Provided by: bison++_1.21.11-4_amd64 bug


       bison - GNU Project parser generator (yacc replacement)


       bison [ -b file-prefix ] [ --file-prefix=file-prefix ] [ -d ] [ --defines ] [ -l ] [ --no-
       lines ] [ -o outfile ] [ --output-file=outfile ] [ -p prefix ] [ --name-prefix=prefix ]  [
       -t  ]  [  --debug ] [ -v ] [ --verbose ] [ -V ] [ --version ] [ -y ] [ --yacc ] [ --fixed-
       output-files ] file


       Bison is a parser generator in the style of yacc(1).  It  should  be  upwardly  compatible
       with input files designed for yacc.

       Input files should follow the yacc convention of ending in .y.  Unlike yacc, the generated
       files do not have fixed names, but  instead  use  the  prefix  of  the  input  file.   For
       instance, a grammar description file named parse.y would produce the generated parser in a
       file named, instead of yacc's

       This description of the options that can be given  to  bison  is  adapted  from  the  node
       Invocation in the bison.texinfo manual, which should be taken as authoritative.

       Bison  supports  both  traditional  single-letter  options and mnemonic long option names.
       Long option names are indicated with -- instead of -.  Abbreviations for option names  are
       allowed  as  long  as they are unique.  When a long option takes an argument, like --file-
       prefix, connect the option name and the argument with =.

       -b file-prefix
              Specify a prefix to use for all bison output file names.  The names are  chosen  as
              if the input file were named file-prefix.c.

              Write  an  extra  output file containing macro definitions for the token type names
              defined in the grammar and the semantic value type YYSTYPE, as well as a few extern
              variable declarations.

              If the parser output file is named name.c then this file is named name.h.

              This  output  file  is  essential  if  you wish to put the definition of yylex in a
              separate source file, because yylex needs to be able to refer to token  type  codes
              and the variable yylval.

              Don't  put  any  #line  preprocessor commands in the parser file.  Ordinarily bison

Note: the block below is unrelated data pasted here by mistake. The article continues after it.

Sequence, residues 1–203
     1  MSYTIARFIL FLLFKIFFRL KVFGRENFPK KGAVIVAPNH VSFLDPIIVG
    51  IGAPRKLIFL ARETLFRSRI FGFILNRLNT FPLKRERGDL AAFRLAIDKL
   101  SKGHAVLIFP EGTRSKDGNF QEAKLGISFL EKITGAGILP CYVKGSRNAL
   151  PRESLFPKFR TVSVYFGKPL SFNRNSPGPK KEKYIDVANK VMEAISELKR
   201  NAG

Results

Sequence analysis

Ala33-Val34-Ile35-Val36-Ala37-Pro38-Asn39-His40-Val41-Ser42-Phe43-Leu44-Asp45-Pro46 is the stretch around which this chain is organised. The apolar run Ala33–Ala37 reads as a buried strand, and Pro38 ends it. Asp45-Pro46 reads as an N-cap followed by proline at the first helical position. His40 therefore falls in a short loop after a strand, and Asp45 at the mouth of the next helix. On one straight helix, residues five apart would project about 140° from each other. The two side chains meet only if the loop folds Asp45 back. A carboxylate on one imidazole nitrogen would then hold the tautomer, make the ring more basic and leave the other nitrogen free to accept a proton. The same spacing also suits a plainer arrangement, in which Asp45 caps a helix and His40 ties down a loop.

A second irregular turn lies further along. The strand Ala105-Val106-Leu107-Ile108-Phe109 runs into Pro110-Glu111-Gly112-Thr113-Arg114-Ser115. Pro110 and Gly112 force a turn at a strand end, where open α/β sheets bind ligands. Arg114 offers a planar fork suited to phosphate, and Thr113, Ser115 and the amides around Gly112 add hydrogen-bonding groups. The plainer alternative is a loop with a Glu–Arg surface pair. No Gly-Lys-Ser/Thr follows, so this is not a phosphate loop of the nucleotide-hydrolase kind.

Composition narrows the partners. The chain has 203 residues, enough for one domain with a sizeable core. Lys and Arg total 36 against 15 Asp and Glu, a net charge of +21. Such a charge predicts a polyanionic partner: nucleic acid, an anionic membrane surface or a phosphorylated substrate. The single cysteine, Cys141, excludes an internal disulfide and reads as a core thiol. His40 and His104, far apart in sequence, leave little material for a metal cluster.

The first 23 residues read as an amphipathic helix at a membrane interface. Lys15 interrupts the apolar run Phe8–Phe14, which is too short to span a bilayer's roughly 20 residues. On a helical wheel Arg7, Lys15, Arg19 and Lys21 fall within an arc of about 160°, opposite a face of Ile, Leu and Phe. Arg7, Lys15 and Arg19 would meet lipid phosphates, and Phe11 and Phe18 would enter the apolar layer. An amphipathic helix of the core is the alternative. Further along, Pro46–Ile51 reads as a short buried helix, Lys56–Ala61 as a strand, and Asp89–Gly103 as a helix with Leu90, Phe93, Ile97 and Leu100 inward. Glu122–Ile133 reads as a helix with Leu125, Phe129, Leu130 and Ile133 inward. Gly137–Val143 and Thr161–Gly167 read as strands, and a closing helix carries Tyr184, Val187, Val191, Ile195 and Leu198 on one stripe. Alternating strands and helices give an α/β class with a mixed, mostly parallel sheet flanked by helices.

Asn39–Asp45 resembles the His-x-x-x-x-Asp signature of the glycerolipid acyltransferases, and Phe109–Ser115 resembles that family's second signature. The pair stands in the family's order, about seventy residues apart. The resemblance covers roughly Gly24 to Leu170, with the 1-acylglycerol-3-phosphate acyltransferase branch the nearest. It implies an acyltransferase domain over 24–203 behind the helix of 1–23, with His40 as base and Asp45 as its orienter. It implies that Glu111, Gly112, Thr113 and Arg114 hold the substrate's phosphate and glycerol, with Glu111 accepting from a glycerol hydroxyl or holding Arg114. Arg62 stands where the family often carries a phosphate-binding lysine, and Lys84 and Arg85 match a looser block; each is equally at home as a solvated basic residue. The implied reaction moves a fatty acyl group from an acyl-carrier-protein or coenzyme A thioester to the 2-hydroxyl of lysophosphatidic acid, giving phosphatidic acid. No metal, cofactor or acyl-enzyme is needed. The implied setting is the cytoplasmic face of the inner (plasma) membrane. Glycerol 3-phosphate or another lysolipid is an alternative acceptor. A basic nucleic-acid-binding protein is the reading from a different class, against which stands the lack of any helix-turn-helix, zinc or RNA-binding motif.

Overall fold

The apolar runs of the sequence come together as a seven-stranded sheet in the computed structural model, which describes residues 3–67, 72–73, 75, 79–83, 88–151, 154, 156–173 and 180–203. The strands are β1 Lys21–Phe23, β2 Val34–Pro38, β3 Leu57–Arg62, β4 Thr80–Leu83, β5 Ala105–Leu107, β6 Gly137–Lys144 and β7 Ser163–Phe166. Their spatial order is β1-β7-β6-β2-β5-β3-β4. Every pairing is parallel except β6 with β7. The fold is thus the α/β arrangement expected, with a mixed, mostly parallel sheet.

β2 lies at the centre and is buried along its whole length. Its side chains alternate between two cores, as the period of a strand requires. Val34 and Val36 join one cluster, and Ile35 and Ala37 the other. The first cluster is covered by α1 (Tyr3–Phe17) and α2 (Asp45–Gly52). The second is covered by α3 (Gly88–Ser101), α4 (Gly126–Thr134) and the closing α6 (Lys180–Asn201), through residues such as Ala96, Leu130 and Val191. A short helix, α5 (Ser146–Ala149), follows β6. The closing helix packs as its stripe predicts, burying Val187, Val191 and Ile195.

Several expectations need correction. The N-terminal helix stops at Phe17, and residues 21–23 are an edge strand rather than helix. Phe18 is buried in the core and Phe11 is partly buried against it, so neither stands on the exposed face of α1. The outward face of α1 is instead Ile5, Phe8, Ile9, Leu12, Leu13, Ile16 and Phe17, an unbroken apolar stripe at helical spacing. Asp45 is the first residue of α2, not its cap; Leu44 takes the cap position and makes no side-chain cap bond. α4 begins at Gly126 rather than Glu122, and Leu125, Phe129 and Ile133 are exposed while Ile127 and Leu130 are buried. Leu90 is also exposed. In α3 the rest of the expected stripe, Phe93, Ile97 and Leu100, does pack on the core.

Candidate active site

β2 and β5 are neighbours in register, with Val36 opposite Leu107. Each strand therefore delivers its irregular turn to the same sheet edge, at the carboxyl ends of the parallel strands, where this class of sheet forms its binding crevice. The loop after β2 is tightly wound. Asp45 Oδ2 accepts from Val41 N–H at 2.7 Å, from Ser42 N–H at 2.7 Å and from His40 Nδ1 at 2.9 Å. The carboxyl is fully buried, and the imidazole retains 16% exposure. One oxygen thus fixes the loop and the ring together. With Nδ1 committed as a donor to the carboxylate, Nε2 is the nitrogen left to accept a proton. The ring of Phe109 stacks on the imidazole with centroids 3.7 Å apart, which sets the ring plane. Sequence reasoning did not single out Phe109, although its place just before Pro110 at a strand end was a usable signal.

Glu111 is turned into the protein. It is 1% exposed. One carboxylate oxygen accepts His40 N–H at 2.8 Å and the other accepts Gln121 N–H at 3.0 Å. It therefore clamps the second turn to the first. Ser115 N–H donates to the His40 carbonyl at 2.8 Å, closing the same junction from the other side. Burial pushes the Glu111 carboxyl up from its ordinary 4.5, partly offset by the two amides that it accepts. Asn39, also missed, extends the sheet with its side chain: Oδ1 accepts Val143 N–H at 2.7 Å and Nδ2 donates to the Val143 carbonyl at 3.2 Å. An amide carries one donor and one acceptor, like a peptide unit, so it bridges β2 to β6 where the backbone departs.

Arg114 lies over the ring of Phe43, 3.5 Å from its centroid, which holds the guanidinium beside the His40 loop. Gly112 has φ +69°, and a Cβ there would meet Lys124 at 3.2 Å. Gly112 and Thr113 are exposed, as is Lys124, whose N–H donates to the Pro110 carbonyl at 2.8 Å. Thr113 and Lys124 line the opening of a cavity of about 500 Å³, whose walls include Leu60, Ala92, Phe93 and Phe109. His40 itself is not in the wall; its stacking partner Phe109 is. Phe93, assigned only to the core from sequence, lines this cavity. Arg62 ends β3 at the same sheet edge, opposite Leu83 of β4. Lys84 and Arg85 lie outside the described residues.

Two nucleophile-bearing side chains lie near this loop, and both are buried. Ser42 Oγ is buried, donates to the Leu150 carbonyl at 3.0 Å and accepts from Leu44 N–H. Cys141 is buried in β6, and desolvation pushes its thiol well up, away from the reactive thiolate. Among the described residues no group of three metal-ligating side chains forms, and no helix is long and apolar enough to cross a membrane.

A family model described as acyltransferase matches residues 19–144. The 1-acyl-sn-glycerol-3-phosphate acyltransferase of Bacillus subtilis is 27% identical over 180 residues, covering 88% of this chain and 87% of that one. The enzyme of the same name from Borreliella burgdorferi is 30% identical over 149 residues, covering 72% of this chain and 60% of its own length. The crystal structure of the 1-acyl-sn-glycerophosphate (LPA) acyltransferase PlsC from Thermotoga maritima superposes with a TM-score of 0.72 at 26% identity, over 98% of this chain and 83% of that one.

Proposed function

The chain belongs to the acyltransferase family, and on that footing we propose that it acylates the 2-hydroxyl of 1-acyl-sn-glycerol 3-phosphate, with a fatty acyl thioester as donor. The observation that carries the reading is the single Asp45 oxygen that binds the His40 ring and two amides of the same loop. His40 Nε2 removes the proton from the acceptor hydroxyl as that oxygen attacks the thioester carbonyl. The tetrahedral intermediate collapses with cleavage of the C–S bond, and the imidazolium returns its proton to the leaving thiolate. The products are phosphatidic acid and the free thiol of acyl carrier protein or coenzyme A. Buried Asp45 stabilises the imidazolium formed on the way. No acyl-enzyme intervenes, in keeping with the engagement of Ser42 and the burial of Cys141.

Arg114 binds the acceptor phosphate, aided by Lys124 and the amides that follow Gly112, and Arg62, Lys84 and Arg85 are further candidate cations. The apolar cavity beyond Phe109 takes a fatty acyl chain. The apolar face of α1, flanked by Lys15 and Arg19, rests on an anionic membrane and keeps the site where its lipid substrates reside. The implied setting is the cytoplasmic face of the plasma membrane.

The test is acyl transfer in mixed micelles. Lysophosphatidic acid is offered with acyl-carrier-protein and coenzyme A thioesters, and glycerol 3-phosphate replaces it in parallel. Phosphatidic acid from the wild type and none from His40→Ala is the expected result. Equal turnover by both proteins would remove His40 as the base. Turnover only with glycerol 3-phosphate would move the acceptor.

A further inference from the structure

puts them in the parser file so that the C compiler and  debuggers  will  associate
              errors  with  your  source  file,  the  grammar  file.   This option causes them to
              associate errors with the parser file, treating it an independent  source  file  in
              its own right.

       -o outfile
              Specify the name outfile for the parser file.

              The  other  output files' names are constructed from outfile as described under the
              -v and -d switches.

       -p prefix
              Rename the external symbols used in the parser  so  that  they  start  with  prefix
              instead  of  yy.   The  precise list of symbols renamed is yyparse, yylex, yyerror,
              yylval, yychar, and yydebug.

              For example, if you use -p c, the names become cparse, clex, and so on.

              Output a definition of the  macro  YYDEBUG  into  the  parser  file,  so  that  the
              debugging facilities are compiled.

              Write an extra output file containing verbose descriptions of the parser states and
              what is done for each type of look-ahead token in that state.

              This file also describes  all  the  conflicts,  both  those  resolved  by  operator
              precedence and the unresolved ones.

              The  file's name is made by removing .tab.c or .c from the parser output file name,
              and adding .output instead.

              Therefore, if the input file is foo.y, then the parser file is called  by
              default.  As a consequence, the verbose output file is called foo.output.

              Print the version number of bison.

              Equivalent  to  -o; the parser output file is called, and the other
              outputs are called y.output and  The purpose of this switch is to  imitate
              yacc's  output  file  name  conventions.   Thus,  the  following  shell  script can
              substitute for yacc:

              bison -y $*

       The long-named options can be introduced with `+' as well as `--', for compatibility  with
       previous releases.  Eventually support for `+' will be removed, because it is incompatible
       with the POSIX.2 standard.


       /usr/local/lib/bison.simple   simple parser
       /usr/local/lib/bison.hairy    complicated parser


       The Bison Reference Manual, included  as  the  file  bison.texinfo  in  the  bison  source


       Self explanatory.

                                              local                                      BISON(1)